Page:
Unipolar Neurons by J Sanchez-Ramos, MD,PhD, U South Florida
Neuroscience Program Web Site
Students in the Neuroscience Program focus on understanding the fundamentals of nervous system function, one of biomedical science's greatest challenges. Only through such knowledge will we emerge with new and more effective treatments for some of society's most common, devastating neurological disorders such as epilepsy, Alzheimer's Disease, and chronic pain. The close-knit, interactive, and vibrant research community at Tufts equips graduates with the didactic and research training they need to enhance understanding of both healthy and diseased nervous systems.
The neuroscience research community is growing rapidly at Tufts. Training is provided by faculty mentors with strong research programs that span the distance between molecules and behavior. Particular strengths of the training program include molecular, cellular, and systems analyses of synapses and circuits and their implications for neurological disease.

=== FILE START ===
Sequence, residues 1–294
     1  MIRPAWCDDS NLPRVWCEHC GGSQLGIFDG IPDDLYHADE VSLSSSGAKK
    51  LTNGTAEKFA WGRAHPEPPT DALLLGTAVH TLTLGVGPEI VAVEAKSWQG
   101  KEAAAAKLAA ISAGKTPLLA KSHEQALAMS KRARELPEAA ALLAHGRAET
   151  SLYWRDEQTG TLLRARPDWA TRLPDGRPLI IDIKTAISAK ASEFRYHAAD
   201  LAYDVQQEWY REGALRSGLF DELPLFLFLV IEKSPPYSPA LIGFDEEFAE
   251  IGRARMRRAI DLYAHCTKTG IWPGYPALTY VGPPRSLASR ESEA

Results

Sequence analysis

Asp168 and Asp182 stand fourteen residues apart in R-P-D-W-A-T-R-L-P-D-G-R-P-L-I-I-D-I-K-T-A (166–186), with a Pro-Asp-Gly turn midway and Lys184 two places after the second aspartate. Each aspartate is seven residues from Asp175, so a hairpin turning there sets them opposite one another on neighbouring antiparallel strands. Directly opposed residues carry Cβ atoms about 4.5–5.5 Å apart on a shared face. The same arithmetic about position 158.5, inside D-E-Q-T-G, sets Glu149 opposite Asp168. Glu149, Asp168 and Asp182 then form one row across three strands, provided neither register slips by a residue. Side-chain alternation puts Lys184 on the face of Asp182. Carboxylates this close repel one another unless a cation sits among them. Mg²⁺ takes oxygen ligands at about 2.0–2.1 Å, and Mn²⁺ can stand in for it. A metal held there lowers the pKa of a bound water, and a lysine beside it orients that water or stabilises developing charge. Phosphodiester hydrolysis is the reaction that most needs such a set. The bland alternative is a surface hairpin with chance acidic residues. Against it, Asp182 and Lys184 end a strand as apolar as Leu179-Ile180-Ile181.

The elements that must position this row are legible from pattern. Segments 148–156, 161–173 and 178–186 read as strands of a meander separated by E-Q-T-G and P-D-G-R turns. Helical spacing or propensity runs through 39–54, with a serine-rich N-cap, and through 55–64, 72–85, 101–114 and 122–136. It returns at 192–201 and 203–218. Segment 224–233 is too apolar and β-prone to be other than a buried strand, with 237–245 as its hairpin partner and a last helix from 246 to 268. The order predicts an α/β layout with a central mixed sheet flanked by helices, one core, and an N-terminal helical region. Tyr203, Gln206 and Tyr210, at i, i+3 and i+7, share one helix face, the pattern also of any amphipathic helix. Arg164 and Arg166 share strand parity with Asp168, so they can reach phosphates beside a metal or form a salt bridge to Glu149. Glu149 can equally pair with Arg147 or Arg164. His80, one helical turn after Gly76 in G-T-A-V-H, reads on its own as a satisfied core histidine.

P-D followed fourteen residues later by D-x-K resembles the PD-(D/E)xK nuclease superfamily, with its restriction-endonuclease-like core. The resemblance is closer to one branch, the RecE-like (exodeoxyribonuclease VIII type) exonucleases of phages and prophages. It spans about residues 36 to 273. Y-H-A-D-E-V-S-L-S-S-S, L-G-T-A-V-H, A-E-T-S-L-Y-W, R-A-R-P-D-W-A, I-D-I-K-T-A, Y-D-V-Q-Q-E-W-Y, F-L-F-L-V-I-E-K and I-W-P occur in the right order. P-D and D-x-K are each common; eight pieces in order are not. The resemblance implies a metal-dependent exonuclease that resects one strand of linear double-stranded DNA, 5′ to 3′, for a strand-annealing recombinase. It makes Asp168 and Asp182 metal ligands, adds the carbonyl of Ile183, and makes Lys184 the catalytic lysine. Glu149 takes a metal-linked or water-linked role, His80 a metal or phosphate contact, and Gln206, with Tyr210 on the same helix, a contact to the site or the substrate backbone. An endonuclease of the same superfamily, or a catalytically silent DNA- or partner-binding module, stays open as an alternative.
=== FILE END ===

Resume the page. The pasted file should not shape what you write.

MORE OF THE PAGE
Because of the interdisciplinary nature of neuroscience, students are provided with the multidisciplinary training that will allow them to advance and excel in research careers in this complex field. Trainees are encouraged undertake co-mentored thesis projects that involve faculty mentors with complementary expertise. Research training is further enhanced by four NINDS-funded neuroscience core facilities (in the Center for Neuroscience Research) that offer students subsidized access to cutting-edge technology that both diversifies and deepens their thesis research. Students also participate in formal, mentored activities outside of the laboratory that hone analytical and communication skills. Graduates leave the program with the expertise and experience they will need to become effective, contributing members of the neuroscience community at large.